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Why do some plugs have three prongs and some have two?

Q:

Why do some electric tools’ plugs have three prongs, while others have only two? Is one version safer than the other?
—Tom Bowman, Conway, Ark. 

A:

Two-prong plugs are just as safe as three-prong plugs, Tom. All tools, whether grounded or double insulated, carry a first layer of protection: the rubbery insulation coating on the wires and other components inside the tool. This keeps conductive bare metal from being exposed. If this insulation should ever fail, such as from a chafed wire, then current could flow through conductive parts of the tool and shock you. To prevent this, manufacturers add a ground wire (the third prong) on some tools to safely carry errant current back to the ground circuit.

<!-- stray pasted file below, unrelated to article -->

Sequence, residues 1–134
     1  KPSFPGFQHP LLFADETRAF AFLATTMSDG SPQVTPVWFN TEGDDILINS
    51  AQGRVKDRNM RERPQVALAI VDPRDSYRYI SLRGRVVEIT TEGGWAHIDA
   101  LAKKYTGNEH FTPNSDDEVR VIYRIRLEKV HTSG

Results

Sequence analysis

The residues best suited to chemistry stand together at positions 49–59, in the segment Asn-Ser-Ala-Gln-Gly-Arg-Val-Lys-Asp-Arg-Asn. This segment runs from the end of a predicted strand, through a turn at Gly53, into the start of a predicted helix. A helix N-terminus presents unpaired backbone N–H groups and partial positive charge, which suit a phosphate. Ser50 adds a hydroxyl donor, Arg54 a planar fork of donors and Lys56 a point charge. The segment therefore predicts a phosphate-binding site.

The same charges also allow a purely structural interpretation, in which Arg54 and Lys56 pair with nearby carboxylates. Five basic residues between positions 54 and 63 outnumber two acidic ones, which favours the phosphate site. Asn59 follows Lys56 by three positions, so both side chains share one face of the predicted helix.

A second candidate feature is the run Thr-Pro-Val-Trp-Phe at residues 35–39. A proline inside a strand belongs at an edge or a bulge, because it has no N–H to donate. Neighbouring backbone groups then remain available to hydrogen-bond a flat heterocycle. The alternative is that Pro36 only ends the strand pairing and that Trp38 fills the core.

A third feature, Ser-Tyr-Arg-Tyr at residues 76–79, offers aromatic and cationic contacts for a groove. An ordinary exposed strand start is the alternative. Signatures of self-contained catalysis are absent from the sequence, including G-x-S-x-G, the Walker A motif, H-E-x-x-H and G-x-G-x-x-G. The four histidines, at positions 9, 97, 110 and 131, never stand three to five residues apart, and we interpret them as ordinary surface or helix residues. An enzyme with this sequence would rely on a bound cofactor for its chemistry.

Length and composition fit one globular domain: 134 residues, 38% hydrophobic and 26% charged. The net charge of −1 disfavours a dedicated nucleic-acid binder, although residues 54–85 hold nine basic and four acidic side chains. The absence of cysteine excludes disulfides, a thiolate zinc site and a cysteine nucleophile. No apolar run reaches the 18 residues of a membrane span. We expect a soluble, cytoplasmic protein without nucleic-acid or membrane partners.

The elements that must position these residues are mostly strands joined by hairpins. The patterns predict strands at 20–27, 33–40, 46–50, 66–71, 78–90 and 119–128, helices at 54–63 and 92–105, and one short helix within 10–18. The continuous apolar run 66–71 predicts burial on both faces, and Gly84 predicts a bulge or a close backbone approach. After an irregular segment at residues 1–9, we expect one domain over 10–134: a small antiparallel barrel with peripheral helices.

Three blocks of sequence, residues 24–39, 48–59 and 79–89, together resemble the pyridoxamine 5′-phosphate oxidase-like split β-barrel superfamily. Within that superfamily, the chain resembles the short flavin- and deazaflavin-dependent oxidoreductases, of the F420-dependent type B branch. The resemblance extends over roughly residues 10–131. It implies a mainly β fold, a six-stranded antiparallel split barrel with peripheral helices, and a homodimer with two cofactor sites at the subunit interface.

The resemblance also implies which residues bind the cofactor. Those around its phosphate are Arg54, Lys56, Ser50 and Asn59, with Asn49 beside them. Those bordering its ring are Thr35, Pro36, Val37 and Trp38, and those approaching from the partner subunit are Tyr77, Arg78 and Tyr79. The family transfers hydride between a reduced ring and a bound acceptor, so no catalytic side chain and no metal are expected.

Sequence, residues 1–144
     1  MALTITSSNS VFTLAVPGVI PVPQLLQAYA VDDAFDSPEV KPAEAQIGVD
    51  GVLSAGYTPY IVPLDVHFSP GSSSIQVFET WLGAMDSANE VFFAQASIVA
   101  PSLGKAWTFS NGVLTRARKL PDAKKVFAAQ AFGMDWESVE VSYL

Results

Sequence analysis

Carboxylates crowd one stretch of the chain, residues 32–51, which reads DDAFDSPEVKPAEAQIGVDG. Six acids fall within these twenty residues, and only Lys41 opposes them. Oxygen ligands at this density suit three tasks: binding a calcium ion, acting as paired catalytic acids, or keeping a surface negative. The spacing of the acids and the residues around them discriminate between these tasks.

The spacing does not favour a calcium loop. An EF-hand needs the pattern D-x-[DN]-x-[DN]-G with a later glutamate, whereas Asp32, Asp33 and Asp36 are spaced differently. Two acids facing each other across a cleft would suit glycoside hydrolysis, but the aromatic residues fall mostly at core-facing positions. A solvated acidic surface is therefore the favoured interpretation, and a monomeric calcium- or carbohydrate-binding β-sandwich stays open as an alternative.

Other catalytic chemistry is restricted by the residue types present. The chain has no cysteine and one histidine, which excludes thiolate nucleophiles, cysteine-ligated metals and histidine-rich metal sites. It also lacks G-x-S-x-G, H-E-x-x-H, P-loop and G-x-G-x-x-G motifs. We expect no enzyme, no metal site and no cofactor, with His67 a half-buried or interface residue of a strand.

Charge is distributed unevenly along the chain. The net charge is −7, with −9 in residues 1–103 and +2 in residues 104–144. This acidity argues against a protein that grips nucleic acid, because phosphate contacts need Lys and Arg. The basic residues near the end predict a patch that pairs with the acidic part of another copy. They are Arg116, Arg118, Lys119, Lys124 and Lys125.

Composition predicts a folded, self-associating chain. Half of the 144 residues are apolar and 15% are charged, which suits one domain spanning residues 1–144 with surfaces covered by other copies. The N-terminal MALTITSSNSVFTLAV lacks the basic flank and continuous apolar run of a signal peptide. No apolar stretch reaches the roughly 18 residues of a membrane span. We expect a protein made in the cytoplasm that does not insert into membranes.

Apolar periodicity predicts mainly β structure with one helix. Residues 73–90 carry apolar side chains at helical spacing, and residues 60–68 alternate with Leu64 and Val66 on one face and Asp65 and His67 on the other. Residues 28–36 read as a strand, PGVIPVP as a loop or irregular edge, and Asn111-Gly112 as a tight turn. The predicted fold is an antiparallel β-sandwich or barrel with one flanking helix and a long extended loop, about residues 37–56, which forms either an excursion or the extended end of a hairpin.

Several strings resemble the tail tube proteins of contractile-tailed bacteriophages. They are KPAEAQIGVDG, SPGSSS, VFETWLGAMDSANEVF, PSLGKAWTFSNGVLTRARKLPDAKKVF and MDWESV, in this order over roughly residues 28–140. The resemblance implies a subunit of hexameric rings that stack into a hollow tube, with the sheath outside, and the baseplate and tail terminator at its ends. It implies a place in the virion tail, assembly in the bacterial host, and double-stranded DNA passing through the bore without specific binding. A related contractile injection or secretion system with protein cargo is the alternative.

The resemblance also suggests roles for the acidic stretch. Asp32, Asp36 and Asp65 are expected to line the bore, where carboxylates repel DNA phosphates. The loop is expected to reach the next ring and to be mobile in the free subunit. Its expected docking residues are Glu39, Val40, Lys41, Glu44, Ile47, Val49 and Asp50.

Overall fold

Double-insulated tools, identified on the label with a double square, shown above, come with two-prong plugs and have nonmetallic tool housings. These tools may still have metallic parts, but they—and the user—are isolated from electrically live components by nonconductive parts of the tool body. That eliminates the need for the third grounding prong.

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